White Matar Sabzi

Beetroot poori and Matar by OneWholesomeMeal

White matar as a sabzi , I tried only after my marriage . Up until then, I had always eaten it as a part of chaat or ragda-pattis. But this sabzi is a regular feature in the menu at my in-laws’ and it tastes absolutely delicious with hot rice.

You could call it a cousin of chickpeas , only much faster to cook and much easier to digest. Some like it just done, and some a tad bit mushy, but it tastes equally great both ways. I do not need to educate you about the benefits of eating lentils, we all know they are the best source of vegan protein and like most lentils the white matar is best eaten freshly cooked. If stored for long after cooking, it looses its taste and gets harder to digest.

It is also famous as ghugni, a kind of street food  in the East Indian states of Odisha and West Bengal.

White Matar Sabzi

Prep Time: 7 hours

Cook Time: 20 minutes

Total Time: 7 hours, 20 minutes

Yield: 100

Serving Size: 3

Calories per serving: 200 per cup


  • White Matar, washed and soaked overnight or a minimum of 6 hours - One cup
  • Onions ground to a paste- 3/4 cup
  • Tomato ground to a paste- A little over 1 cup
  • Ginger garlic paste- 1 tablespoon
  • Bay leaf- 1 big
  • Dried red chilies- 2 small or as per taste
  • Cumin seeds-1 teaspoon
  • Asafoetida- Pinch (optional)
  • Black cardamom -1 (optional)
  • Garam Masala- 1 teaspoon or 1.5 teaspoons if you like it spicier
  • Coriander powder -1/2 teaspoon
  • Cumin powder-1/4 teaspoon
  • Turmeric powder-1/2 teaspoon
  • Red chilli powder-1/2 teaspoon (optional)
  • Oil or ghee- 1.5 tablespoons plus a little extra while roasting spices
  • Water-1.5 cups
  • Chopped coriander-1.5 tablespoons for garnish
  • Turmeric powder-1/2 teaspoon
  • Red chili powder-1/2 teaspoon (optional)
  • Oil or ghee- 1.5 tablespoons plus a little extra while roasting spices
  • Water-1.5 cups
  • Chopped coriander-1.5 tablespoons for garnish


  1. Boil the white matar with 1.5 cups of water, 1/2 teaspoon turmeric and salt until soft and keep aside.
  2. Heat oil in a deep thick bottomed wok and add the whole spices (bay leaf, cumin, black cardamom, dried red chilli) and asafoetida. Immediately reduce the flame to medium-low and continue stirring for about 15-20 seconds. By this time the spices would start to crackle and release aroma.Add onion paste and increase the heat to medium high, stirring continuously . Add ginger garlic paste after a minute and continue to stir till the paste turns brown and starts to come together, then add all the powdered spices. Continue to cook on a medium high flame with continuous stirring till the mixture starts to release oil and you get a distinct aroma of cooked spices. If at any point the mixture starts to get dry, add 1 teaspoon of oil or ghee (preferably latter) and continue to stir. You could also add 2 tablespoons of water , however it effects the final taste mildly. This process of cooking spices with onions would take 5-7 minutes.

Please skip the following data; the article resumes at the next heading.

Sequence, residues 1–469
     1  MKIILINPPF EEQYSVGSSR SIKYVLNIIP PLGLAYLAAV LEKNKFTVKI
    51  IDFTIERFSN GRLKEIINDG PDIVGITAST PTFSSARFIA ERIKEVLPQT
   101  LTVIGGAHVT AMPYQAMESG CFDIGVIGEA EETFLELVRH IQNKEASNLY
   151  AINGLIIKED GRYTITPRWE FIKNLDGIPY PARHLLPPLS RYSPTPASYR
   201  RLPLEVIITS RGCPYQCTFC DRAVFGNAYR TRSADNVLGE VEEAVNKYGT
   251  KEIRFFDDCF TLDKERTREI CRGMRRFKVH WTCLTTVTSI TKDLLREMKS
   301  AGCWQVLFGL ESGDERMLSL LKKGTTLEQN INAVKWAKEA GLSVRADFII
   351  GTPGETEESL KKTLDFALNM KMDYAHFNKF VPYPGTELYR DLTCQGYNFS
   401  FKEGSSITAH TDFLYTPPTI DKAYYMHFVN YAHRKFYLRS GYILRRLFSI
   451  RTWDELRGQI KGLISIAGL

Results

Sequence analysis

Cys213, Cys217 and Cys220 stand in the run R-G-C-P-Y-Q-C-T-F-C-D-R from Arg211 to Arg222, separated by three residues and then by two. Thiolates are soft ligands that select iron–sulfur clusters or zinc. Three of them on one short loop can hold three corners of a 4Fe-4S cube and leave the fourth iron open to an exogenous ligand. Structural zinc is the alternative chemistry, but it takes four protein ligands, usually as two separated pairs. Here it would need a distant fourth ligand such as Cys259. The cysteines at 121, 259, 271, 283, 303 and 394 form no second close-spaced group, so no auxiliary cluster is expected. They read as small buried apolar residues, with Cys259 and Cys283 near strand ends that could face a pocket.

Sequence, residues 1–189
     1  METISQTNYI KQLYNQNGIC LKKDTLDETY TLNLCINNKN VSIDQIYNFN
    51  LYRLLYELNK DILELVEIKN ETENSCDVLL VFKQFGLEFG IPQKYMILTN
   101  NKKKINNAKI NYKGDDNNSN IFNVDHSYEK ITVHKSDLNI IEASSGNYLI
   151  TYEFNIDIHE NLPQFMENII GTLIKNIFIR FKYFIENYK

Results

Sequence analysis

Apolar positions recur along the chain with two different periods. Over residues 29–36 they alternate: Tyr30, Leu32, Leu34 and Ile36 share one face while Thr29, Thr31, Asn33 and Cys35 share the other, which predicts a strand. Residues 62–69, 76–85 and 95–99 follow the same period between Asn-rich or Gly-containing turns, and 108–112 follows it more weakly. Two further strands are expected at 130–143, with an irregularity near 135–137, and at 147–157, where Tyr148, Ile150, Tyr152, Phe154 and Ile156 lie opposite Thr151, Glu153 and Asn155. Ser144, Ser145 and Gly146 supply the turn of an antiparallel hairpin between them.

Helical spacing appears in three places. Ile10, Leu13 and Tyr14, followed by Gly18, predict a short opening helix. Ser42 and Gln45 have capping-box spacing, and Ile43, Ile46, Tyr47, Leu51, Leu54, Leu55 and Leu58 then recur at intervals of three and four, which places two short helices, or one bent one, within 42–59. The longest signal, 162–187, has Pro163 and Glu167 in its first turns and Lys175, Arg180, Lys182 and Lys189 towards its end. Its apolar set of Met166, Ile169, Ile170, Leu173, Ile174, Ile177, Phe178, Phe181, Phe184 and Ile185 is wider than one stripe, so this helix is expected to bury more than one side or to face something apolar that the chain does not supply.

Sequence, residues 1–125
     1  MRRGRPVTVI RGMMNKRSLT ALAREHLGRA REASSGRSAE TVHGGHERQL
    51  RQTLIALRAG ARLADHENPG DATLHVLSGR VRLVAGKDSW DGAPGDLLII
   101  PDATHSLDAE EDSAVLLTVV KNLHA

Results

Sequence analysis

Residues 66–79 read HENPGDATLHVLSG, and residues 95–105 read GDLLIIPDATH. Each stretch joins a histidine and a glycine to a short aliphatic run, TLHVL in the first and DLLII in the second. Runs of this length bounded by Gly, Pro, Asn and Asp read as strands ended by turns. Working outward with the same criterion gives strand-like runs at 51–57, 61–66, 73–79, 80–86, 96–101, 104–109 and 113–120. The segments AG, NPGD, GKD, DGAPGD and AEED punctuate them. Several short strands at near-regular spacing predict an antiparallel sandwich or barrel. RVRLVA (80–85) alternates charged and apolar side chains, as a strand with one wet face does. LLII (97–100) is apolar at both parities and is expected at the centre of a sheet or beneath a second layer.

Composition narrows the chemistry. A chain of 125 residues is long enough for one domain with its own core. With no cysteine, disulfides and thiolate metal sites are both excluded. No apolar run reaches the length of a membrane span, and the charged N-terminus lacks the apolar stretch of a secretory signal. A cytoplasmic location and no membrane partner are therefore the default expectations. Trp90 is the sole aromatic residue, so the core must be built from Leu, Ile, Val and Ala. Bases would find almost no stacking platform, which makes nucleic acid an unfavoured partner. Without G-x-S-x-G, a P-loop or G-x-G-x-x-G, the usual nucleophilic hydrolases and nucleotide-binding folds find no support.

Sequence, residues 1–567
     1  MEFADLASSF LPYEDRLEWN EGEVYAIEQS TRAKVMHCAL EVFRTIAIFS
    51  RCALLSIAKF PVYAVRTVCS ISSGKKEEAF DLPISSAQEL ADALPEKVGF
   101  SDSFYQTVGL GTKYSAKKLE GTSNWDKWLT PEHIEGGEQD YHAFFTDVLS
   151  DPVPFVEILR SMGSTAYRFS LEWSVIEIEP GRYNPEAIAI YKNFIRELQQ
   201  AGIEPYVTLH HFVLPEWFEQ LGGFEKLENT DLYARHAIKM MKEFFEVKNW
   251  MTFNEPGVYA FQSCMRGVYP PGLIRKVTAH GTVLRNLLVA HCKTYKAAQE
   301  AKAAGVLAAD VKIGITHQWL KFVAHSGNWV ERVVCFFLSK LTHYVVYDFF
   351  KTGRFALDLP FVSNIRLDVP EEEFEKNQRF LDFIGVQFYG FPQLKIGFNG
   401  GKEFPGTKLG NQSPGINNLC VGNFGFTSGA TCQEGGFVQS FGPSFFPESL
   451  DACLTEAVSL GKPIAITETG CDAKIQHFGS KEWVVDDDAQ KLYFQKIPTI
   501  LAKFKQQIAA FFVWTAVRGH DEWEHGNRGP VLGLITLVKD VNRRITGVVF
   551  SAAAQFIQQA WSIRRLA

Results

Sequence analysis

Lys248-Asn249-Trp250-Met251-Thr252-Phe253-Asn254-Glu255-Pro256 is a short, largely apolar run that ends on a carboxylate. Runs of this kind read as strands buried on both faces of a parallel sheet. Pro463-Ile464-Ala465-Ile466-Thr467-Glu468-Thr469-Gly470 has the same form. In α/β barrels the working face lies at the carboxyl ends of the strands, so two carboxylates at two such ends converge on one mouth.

3. Add tomato paste and continue to cook for another 2-3 minutes till a homogenous mixture is formed.
  4. Add boiled matar into the masala mixture and mix well. Add warm water if the mixture is too thick and taste for salt. Bring to boil, then reduce flame to low, cover and let it simmer for 3 minutes. At this point you could add a teaspoon ghee for a beautiful flavour and aroma.Turn off the heat and let it sit for another 15 minutes or more for flavours to soak, garnish with chopped coriander and serve with rice or roti.


Please note that the boiling time would differ based on the quality of matar and kind of pressure cooker. But it takes approximately 7 minutes from the time pressure sets in. How I boil in a pressure cooker- Place the cooker with the contents on a high flame till the pressure sets in (indicated by a hissing sound once the steam starts to form); then reduce the flame to low and let cook for 5-7 minutes.




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